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Just a year ago, it was difficult to imagine franchises eating up an even larger chunk of pop culture than they already had.

Avengers: Endgame, the final chapter in a decade-long superhero saga, had claimed the title of highest-grossing movie ever made. All 10 of the top movies at the box office in 2019 were franchise films. Franchise fare was even invading the awards race: Joker scored 11 Oscar nominations, the most ever for a superhero movie, and nabbed a win for Joaquin Phoenix.

In the past year, for all its wretchedness, the pandemic’s closure of movie theaters and postponement of blockbusters has offered an unexpected reprieve to anxious cinephiles who fear that superhero franchises are smothering the last vestiges of originality.

But that reprieve won’t last long. Already, the franchise machines are ramping back up. Disney recently announced more than 50 new movies and shows based on existing intellectual property, the bulk of them falling under the Marvel and Star Wars umbrellas. Warner Bros. is expanding its DC superhero content to include not one, but two different superhero universes. (That means two or more Batmen, played by different actors, will be running around parallel-universe Gothams at the same time.) Amazon’s long-anticipated Lord of the Rings show is supposed to debut this year. Heck, even Sex and the City is building a cinematic universe. If you believe that franchise fatigue is destroying capital-C Cinema, the movies and TV due out this year would seem to bear out that theory.

But perhaps not all hope is lost. WandaVision, the Marvel Cinematic Universe’s first project in a year and a half, debuted on Disney+ today. And though it is the linchpin for the future of the MCU, it is unlike anything Marvel has done before. The show is unexpectedly, wonderfully weird and seemingly designed to appeal to the very people who have written off superhero antics as low-brow entertainment. Of course, as TIME’s TV critic laments in her review, the show demands that to fully understand what’s going on, the audience really ought to check out the 23 movies that came before. That is the cunning genius of Marvel Studios: its very design is meant to convert superhero agnostics into full-blown MCU fans. But if we’re all doomed to board this train for the long haul—and I admittedly hopped aboard long ago—it’s about time that Marvel shook things up, broke away from the typical hero’s journey and explored some truly bizarre stories.

Here’s how WandaVision fits into the MCU’s history of experimentation with style and form, why it’s unique, and why Marvel devotees and agnostics alike should hope it’s a sign of what’s to come.

And if you need a primer on the Wanda and Vision of it all—and how the superhero couple fits into the MCU—you can find that here before reading on.

WandaVision is both a sitcom satire and a Marvel mystery

Kathryn Hahn in <i>WandaVision</i>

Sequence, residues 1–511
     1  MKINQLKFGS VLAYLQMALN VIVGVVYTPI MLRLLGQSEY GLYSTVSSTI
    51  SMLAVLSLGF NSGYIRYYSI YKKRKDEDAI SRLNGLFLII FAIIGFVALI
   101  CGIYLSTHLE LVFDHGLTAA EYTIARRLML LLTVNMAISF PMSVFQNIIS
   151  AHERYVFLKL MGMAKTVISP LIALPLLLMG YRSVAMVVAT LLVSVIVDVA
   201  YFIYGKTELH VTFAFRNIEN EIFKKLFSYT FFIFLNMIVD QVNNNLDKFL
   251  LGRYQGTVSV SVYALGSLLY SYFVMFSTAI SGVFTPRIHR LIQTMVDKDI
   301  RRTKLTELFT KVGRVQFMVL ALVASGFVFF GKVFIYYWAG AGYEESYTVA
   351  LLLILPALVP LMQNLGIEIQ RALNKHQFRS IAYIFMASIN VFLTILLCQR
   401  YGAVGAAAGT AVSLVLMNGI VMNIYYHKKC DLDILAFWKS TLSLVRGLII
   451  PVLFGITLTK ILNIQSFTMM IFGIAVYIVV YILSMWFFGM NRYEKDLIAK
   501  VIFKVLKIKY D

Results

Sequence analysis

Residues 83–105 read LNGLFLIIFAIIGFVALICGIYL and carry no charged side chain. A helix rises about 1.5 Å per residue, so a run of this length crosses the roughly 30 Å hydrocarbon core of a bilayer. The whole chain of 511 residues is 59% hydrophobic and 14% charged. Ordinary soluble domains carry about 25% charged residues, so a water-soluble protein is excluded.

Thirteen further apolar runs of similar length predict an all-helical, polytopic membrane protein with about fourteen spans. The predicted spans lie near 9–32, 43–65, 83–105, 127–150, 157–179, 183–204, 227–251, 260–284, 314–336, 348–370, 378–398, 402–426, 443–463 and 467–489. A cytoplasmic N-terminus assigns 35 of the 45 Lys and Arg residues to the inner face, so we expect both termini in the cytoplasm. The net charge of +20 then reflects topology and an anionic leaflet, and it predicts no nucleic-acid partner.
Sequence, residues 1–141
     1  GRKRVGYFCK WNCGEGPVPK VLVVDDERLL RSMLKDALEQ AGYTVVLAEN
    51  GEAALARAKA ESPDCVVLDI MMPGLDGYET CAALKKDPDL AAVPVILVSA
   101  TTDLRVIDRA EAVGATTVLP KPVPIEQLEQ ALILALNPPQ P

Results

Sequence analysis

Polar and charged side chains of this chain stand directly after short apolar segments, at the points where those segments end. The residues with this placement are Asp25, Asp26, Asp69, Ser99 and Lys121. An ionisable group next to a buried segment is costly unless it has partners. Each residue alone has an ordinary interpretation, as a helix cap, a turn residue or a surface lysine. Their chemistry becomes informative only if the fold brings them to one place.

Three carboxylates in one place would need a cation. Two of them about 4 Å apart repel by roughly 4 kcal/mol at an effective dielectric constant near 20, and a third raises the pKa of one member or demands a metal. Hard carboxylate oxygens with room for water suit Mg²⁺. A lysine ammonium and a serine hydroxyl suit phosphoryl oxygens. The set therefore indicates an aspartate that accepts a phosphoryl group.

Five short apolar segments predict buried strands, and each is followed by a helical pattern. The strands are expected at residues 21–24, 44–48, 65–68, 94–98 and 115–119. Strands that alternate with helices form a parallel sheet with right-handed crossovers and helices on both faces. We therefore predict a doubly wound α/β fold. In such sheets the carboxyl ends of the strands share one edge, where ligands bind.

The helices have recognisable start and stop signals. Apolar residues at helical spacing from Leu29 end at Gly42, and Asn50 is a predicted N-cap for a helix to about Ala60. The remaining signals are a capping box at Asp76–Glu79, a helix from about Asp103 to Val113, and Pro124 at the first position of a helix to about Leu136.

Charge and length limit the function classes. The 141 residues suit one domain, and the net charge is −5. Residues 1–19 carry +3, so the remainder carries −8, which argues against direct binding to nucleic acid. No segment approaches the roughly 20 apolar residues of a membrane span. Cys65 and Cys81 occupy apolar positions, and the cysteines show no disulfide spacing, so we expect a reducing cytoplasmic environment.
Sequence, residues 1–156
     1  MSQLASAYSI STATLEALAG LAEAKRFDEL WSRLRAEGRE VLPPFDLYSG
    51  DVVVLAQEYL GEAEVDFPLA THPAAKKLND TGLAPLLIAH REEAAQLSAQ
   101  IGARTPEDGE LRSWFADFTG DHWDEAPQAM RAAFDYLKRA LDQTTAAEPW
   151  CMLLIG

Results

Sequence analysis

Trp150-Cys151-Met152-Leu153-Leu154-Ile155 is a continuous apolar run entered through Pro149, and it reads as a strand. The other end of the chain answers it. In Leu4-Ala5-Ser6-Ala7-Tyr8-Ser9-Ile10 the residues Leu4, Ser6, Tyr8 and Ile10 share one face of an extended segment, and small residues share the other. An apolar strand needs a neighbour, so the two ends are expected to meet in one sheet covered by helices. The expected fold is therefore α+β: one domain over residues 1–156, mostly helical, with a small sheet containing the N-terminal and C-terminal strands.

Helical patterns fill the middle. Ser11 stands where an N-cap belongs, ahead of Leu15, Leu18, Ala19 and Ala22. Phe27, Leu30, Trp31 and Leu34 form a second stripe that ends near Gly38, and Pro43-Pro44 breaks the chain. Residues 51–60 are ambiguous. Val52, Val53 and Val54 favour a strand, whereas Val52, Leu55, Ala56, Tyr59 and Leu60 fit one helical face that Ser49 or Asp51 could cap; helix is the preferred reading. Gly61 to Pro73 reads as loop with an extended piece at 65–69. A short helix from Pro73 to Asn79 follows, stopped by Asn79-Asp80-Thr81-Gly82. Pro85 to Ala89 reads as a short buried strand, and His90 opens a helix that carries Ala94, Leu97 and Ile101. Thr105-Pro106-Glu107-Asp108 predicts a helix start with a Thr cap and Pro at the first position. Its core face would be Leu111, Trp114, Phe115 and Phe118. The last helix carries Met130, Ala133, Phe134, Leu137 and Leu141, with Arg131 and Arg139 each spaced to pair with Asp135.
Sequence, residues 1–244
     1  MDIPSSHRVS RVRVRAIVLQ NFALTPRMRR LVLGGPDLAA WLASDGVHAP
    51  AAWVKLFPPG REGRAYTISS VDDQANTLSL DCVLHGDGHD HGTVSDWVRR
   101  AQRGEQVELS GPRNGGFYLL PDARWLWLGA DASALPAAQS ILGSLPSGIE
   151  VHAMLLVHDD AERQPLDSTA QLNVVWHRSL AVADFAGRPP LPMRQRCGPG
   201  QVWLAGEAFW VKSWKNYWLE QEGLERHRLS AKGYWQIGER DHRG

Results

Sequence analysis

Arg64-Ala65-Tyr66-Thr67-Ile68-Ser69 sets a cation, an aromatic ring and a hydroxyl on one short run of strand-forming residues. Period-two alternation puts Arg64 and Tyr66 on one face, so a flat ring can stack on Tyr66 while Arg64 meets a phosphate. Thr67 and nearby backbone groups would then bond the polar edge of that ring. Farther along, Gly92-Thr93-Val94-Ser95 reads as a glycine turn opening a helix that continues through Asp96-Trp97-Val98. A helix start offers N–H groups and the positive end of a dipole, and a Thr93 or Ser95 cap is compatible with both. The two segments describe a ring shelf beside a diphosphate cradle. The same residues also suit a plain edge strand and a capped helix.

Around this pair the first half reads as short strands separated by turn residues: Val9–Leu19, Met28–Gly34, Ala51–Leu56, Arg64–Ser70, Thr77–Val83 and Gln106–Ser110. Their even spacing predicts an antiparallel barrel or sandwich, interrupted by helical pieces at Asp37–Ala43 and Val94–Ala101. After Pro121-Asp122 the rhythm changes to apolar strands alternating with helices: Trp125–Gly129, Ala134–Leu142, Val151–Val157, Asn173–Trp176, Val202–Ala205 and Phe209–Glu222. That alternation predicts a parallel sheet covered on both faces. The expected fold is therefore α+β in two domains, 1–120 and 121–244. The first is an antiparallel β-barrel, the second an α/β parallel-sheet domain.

The first episode of WandaVision is a 30-minute comedy in black and white that sends up ’50s-era shows like I Love Lucy. If you come to the show expecting superhero business and immediately feel confused, well, that’s the point. Trailers for the show suggested that Wanda, in her deep depression following Vision’s death, has created some kind of parallel dimension where she can delude herself into thinking that he is still alive, and where they get to live not as an android and a witch but a “normal” couple with all the trappings of normalcy, down to the white picket fence.

Each episode tackles a new decade of family sitcom, from I Love Lucy in the 1950s to Modern Family in the 2010s. At its core, WandaVision is a send-up of these comedies, and a good one at that. Vision phases through a chair in a nod to Rob Petrie tripping over an ottoman in the opening credits to the Dick Van Dyke show. By the 1970s, Wanda and Vision’s house looks eerily similar to the one once occupied by the Brady Bunch. The whole show seems to nod, meta-textually, to the fact that star Elizabeth Olsen grew up on sitcom sets since her sisters Mary-Kate and Ashely Olsen starred in Full House. Kathryn Hahn is an utter delight as the nosy next-door neighbor who seems to be hiding a secret. Each episode has its own theme song, written by Frozen vets Robert Lopez and Kristen Anderson-Lopez in the style of the era.

In this small-screen version of the character, Olsen gets to play emotions other than brave or scared. Her comedic timing is excellent, and she exudes both the determination to build her bubble of happiness as well as the fragility of someone who has experienced trauma, a range that the stuffed Marvel movies rarely have the time to explore.

By the second and third episodes, the show falls into a rhythm, balancing comedic moments with an underlying sense of dread. Wanda’s dream begins to fracture, a la The Truman Show or Pleasantville. Sharp-eyed Marvel fans will spot the allusions to Hydra in the commercial breaks or notice the voice of Randall Park’s character from Ant-Man playing over the radio trying to communicate with Wanda.

Somewhere in Disney’s office probably sits a Venn Diagram that shows how many early family sitcom buffs are also devout Marvel fans. The overlap may be small, but that’s what makes WandaVision Marvel’s most exciting experiment in years. There’s a chance that Marvel agnostics intrigued by the comedic aspects will be turned off by the underlying mystery and Marvel fans will grow impatient with the homages to old Hollywood. The show has to hit just the right balance to pull off both.

Marvel has never actually been all that experimental

Rocket, voiced by Bradley Cooper, and Groot, voiced by Vin Diesel in <i>Guardians Of The Galaxy Vol. 2</i>.

The biggest franchise in film history has bizarre origins. The first Iron Man movie is not weird, per se, but it certainly does not have the Disney sheen of the movies that would come after it. Iron Man drinks heavily, beds plenty of women and generally acts fairly unheroic. Aspects of that character remained after Disney acquired Marvel Studios between the first and second Iron Man movies, but his spikiest edges were buffed away until he became a responsible father-like figure in the Avengers and, especially, Spider-Man movies.